Travelling by taxi in Singapore isn’t too pricey, although beware hidden surcharges! Taxi ranks are located by hotels and malls, or you can flag them down. The starting price is around $3.60 (£2) and then you’ll be charged around $0.22 (12p) per kilometre. You can pay for taxis with your EZ-link card. If you hop in a cab from Changi Airport there’s a surcharge of $5.00 (£2.80), and if you’re travelling between midnight and 6am, expect a surcharge of 50% of what the meter reads. During peak hours (6am-9:30am, and 6pm-midnight) this surcharge is 25%. The airport is connected to the city by the MRT, so save yourself cash by riding that, or by booking the airport shuttle which runs every 15-30 minutes and carts you into the city for $9 (£5).
There are also a couple of fun options for seeing the sights. Hop in a Trishaw, and enjoy a tour for around $40 (£22) for half an hour. Or, when the sun is out and you want to be as close to the water as possible while still sightseeing, take a cruise on a bumboat – the ideal way to see Singapore. These are handy for jumping between waterfront hotspots like the Esplanade, Clarke Quay and Boat Quay. A journey costs just $5 (£2.85) and again you can pay using your EZ-link card. There are also lots of options for bumboat tours, from morning cruises, high tea or dinner cruises. Or, get out of town and head to Pulau Ubin – a traditional village that provides a glimpse into city life pre-skyscrapers, and a great place to see native wildlife.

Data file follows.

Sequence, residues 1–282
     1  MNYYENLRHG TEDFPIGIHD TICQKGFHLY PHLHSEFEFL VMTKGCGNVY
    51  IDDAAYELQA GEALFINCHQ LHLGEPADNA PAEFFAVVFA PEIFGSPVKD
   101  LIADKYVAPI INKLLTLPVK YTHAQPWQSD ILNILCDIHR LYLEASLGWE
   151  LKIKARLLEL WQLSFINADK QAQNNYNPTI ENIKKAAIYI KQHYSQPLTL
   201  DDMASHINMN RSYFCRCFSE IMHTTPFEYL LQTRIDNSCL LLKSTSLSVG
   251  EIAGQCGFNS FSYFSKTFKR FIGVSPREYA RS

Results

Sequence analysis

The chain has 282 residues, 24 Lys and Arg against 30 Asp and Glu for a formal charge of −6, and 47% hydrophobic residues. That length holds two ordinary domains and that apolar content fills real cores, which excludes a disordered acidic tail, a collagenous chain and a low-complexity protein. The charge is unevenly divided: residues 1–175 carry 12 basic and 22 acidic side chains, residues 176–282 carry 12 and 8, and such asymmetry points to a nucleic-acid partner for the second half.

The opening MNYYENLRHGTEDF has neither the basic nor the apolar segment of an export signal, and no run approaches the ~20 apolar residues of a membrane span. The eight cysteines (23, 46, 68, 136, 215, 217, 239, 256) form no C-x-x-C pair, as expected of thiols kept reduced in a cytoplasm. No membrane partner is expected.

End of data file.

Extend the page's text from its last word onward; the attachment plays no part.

National Gallery, :@mbriney
What to do in the Civic District
The Civic District is a good base if you’re planning on making like Julia Roberts in Pretty Woman and buying up all the city’s designer threads on Orchard Road. Much like London’s Oxford Street, Orchard Road has every store any self-respecting shopaholic could hope for, plus plenty of spas and beauty salons to revive yourself in once you really have shopped till you drop. Even if your backpack can’t take any new additions, Orchard Road is one of Singapore’s most famous streets, so it’s worth a wander. There are 30 malls to choose from, including ION Orchard, 313@Somerset featuring high-street stores for budget shoppers and Orchard Central, which offers plenty of sizeable discounts for tourists, and Singapore’s highest climbing wall! The best food options on Orchard Road are found at Plaza Singapura.